We explore how charities use humour to raise awareness and how a day of purposeful misinformation reminds us of the need to tackle misinformation
On 1 April 2020, the UK was just over a week into the first national lockdown and the nation was in shock. Charities were scrambling to revise their April content calendars and many steered clear of their planned April Fool’s content, given the public mood.
Charities that did try to make us smile had some truly brilliant ideas to fool us. Surely at a different time Coppa Feel’s announcement of a new programme – Boob pets, specially trained dogs to encourage students to check their puppies – would have had us all giggling or overestimating the superpowers of our canine friends.
We've be itching to tell you about our pawesome new programme we're launching later this year. Meet the Boob-pets, a team of expert pups trained to encourage students to check their chest (and puppies) in schools and educational environments. Watch this space to find out more \uD83D\uDC36 pic.twitter.com/eAlzGTsTl4— CoppaFeel! (@CoppaFeelPeople) April 1, 2020
As we have progressed from the initial shock of the pandemic to a period of acceptance and endurance, lighthearted content has played an increasingly important role in the digital space. With a news agenda dominated by COVID-19, we’re craving alternate more joyful narratives.
Recently Frank PR capitalised on this need with their Weetabix and Baked Beans campaign. Their client Weetabix tweeted an image of Weetabix covered in Baked Beans with the caption: “Why should bread have all the fun, when there’s Weetabix? Serving up @HeinzUK Beanz on bix for breakfast with a twist.”
This prompted a number of other brands to pile on to the tweet with humorous comebacks, including some charities like the RNLI, who replied, “Our volunteer crews are prepared to brave all sorts of windy conditions, but not this”.
The tweet received more than 22K comments, 106K retweets and 134K likes. Frank PR boss, Alex Grier described it as “much-needed humour” six weeks into another national lockdown.
In 2021, charities have some excellent content in store as a welcome reprieve from more than a year in crisis mode, but some are also using the day as a hook for a more serious message.
Capitalising on a few days of boat content in the news with the Evergiven becoming wedged into the banks of the Suez Canal, the RNLI are stretching the imaginations of maritime aficionados with an April Fool’s tweet on extendable foils that turn lifeboats into seafaring hoverboards. If only!
We are pleased to announce that the first lifeboat with extendable foils goes on service this morning! Operated at the touch of a button, the fins allow the lifeboat to lift and skim across the surface of the water at increased speed with improved line of sight. pic.twitter.com/VnXU3irat4— RNLI (@RNLI) April 1, 2021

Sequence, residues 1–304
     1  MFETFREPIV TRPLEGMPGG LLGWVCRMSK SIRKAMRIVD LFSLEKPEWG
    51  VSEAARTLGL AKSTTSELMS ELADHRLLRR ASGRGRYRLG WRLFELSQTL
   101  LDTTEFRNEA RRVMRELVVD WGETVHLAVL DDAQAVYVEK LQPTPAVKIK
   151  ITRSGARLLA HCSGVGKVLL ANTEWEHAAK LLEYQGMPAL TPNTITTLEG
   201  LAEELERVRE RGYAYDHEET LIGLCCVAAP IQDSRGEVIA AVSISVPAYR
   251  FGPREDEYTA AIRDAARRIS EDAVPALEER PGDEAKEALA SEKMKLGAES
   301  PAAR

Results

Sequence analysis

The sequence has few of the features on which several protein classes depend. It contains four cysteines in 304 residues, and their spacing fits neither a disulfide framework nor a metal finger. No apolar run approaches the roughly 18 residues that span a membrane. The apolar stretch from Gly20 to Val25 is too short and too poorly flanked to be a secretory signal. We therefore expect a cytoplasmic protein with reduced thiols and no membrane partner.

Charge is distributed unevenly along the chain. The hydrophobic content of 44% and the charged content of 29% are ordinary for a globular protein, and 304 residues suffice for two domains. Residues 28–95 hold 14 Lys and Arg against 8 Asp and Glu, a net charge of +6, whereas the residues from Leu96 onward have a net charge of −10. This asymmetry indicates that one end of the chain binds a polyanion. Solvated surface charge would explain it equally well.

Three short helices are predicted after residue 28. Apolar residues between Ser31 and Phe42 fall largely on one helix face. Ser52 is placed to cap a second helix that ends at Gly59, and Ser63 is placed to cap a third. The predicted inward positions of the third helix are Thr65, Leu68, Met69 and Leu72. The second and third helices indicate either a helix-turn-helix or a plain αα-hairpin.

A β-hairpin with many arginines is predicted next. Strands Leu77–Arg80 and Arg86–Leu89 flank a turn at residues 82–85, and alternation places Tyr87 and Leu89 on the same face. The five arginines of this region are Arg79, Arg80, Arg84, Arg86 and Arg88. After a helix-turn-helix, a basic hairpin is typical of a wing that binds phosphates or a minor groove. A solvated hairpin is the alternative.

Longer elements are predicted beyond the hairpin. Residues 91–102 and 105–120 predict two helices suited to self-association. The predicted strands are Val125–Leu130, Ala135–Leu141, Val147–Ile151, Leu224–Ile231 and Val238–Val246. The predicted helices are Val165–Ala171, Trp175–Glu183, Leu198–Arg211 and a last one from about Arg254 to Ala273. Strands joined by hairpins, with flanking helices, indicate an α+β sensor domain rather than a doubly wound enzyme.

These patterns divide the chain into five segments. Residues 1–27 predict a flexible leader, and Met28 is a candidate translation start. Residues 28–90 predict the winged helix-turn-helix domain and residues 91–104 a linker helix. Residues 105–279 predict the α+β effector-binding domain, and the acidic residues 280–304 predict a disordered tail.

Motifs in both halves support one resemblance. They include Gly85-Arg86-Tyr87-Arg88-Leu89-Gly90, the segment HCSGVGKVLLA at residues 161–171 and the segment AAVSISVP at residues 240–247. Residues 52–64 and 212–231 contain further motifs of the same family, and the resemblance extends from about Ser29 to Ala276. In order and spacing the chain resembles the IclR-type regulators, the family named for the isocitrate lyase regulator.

WWF UK are tweeting about a new animal adoption programme that we all want to be true – adopt a unicorn. Save unicorns from extinction as a result of rainbow-spangled-habitat decline!
WWF plan to confess to their audiences that the programme is fiction to manage disappointment (and possibly save their Supporter Care Team from fielding too many unicorn-related calls).
The unicorn - one of the planet’s most endangered and rarely seen species.— WWF UK \uD83C\uDF0F (@wwf_uk) April 1, 2021
Demand for their spiral horns and loss of their rainbow spangled habitat has led to a catastrophic fall in their numbers. Help us protect them by adopting one today: https://t.co/ItBsyDhB99 pic.twitter.com/DdpcXMVYdA
April Fool’s is the one time of the year when harmless disinformation is acceptable. At a time when accurate public health information is so important, however, social media and the internet at large are swimming with conspiracy theories and harmful counternarratives on the efficacy of vaccine programmes.
Inaccurate information from the anti-vax movement predates the pandemic. The Lancet reported in 2020 that false or discredited information about the measles vaccine has led to a reduction, to 87%, of people receiving the second Measles, Mumps and Rubella (MMR) vaccine. In real terms, this means the UK can no longer claim to have eliminated the deadly Measles virus.
Removing false information and prosecuting those who seek to craft and spread misinformation online is challenging on social media because social media platforms are not considered ‘publishers’ under the law. Unlike traditional media where the companies and editors are legally responsible for the information in their publications, on social media the platforms only have a responsibility to ensure that users follow their community standards.
In the face of the ‘infodemic’ around vaccines and other critical issues many countries, such as France and Germany, have introduced domestic laws to hold social media companies to account for hosting false information. In the UK, an Online Harms Bill is set to be introduced to set out a deeper duty of care for social media platforms.
Charities also have a role to play in the health of the information ecosystem. As recognised and trusted authorities on a range of topics, charities can support the flow of accurate information on social media.
For April Fool’s Day this year, the British Red Cross is using its voice to combat misinformation about the Coronavirus vaccine. In recent weeks, they have produced content across their social media channels to bust myths and instill confidence in people who have doubts about the vaccine.
April Fool’s Day is a bit of fun. We all love scouring the headlines and our timelines to spot the jokers. But disinformation isn’t funny and charities can play an important role in combating it and making the internet and social media particularly, a healthier environment for everyone.